After having danced professionally for thirteen years, no Yule season is complete without at least one “Nutcracker.” Yes, I hear parents of ballet dancers the world over groaning (and not a few ballet dancers too) at the very thought of *that* ballet. It’s ubiquitous this time of year (largely because it’s so damned popular that it pays for itself and then some for most companies). Moreover, anyone who has ever danced this particular ballet surely has very clear and definite views on how it should be performed. I am no exception. Anyone who knows me will tell you I have clear and definite views on *everything*. That includes the “Nutcracker.”
My oath sister was in town this past week for the holidays and I took her to see Balanchine’s “Nutcracker” and “La Fille du Regiment” at the Met. I shall take them each in turn here, for the latter one I loved and the former I wouldn’t walk across the street to see again and I’m going to tell you why.
Now when I danced I loathed Balanchine. I was (and to some great degree still am) a traditionalist. To my mind, Balanchine ruined classical ballet. That doesn’t mean that I don’t like some of his ballets. I do (though I never enjoyed dancing his choreography—he makes more use of syncopated movement than Petipa and other earlier choreographers). I’ve mellowed over the years though and lately have been enjoying his ballets greatly. Not the “Nutcracker,” however and let me tell you why.
Firstly, I do not pay good money to see young students of the New York City Ballet School (or any other ballet school) performing the majority of roles. It’s become the custom in many ballet companies to have children swarming the stage for the majority of divertissements. I hate that. Children belong, in my opinion, in two places in this ballet: the party scene and perhaps the Mother Ginger scene. That’s *it*. I don’t even much care to have kids playing Clara (sometimes—as in this production-- called Marie) and Fritz, if truth be told. At the very least, they should be played by teens. It allows for more the psychological elements of the story to be emphasized and frankly, it’s much more satisfying to watch. I think it’s unprofessional to have little kids doing those parts in ostensibly professional productions. The upside of having children throughout the ballet is, apparently, that it makes it much more accessible to children in the audience. Still, it makes it painfully boring for the adults and severely limits what one can do with the choreography. It turns it into the big stage equivalent of a school recital.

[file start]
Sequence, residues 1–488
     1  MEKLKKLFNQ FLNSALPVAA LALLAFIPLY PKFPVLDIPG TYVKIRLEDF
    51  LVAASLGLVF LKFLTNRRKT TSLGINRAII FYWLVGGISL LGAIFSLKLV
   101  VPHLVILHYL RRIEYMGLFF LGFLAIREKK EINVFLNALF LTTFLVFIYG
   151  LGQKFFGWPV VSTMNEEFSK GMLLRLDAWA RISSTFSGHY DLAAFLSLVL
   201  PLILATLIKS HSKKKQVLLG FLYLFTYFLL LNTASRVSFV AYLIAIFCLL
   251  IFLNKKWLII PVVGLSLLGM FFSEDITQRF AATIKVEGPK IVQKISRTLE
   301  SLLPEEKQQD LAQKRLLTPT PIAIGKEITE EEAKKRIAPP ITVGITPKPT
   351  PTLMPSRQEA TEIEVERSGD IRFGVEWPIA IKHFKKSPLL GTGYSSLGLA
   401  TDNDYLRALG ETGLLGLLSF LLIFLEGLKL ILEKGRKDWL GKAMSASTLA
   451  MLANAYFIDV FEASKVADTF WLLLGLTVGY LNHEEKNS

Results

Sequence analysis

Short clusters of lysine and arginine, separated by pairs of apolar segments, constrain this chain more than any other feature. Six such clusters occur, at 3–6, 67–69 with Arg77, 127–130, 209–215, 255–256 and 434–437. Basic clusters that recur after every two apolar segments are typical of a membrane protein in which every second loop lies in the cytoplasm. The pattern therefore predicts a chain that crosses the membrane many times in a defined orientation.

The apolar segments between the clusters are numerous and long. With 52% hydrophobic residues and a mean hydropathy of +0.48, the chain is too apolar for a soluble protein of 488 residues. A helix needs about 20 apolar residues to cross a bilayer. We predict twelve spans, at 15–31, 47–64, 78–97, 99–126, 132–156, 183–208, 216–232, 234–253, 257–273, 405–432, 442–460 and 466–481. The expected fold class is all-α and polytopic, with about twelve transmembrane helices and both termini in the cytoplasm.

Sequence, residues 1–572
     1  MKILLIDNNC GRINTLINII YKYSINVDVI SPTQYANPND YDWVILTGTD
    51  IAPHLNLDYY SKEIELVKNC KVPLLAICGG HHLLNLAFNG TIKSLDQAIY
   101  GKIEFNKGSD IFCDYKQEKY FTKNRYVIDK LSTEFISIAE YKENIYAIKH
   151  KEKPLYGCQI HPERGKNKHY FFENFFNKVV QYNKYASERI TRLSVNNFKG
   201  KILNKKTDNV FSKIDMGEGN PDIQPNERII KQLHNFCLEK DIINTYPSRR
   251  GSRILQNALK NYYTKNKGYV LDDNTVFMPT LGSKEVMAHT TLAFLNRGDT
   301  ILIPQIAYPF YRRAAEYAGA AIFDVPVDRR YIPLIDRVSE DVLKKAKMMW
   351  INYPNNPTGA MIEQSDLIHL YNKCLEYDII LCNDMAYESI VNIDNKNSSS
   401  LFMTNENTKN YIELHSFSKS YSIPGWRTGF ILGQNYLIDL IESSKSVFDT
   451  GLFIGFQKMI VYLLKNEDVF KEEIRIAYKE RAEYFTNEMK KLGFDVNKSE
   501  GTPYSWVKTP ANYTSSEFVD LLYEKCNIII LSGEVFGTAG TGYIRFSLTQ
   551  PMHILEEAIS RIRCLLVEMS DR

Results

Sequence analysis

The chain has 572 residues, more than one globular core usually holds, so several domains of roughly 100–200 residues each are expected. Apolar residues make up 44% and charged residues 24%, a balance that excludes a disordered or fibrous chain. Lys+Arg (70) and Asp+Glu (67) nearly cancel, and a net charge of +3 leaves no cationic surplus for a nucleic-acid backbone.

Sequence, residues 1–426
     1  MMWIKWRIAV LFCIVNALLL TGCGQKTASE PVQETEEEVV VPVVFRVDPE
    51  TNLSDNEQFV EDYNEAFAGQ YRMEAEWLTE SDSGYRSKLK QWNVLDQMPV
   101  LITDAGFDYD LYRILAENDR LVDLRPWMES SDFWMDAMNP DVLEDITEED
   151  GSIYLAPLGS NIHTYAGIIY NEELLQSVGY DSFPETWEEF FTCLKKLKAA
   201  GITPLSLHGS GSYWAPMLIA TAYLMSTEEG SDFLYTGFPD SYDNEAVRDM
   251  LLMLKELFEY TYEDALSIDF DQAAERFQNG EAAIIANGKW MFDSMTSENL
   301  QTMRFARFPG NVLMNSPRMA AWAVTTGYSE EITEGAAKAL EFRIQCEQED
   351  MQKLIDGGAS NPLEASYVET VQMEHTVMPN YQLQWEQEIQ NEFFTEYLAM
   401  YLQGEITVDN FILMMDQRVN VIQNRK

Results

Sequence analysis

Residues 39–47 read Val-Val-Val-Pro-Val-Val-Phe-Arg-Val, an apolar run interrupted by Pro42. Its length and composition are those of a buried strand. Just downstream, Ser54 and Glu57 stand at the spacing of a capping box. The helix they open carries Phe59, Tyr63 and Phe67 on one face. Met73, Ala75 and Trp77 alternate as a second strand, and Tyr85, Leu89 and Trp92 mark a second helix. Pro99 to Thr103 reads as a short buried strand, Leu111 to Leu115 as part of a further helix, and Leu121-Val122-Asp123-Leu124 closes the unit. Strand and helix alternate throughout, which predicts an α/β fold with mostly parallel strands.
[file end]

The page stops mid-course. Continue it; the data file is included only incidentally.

Secondly, the choreography was a mess, especially the battle scene. Again, part of this was the fact that both mouse and soldiers were played by children. What can one do with pre-pubescent ballet students who have neither the physical strength nor trained technique for elaborate choreography? (The best battle sequence I’ve seen, btw, was Pacific Northwest Ballet’s version of the “Nutcracker,” which emphasized the darker psychological aspects of the tale. NYCB’s version didn’t even come close, though it was amusing at times. Also, NYCB’s version juxtaposes some of the variations in the second act for no apparent reason and it breaks up the Sugar Plum’s pas de deux as a result.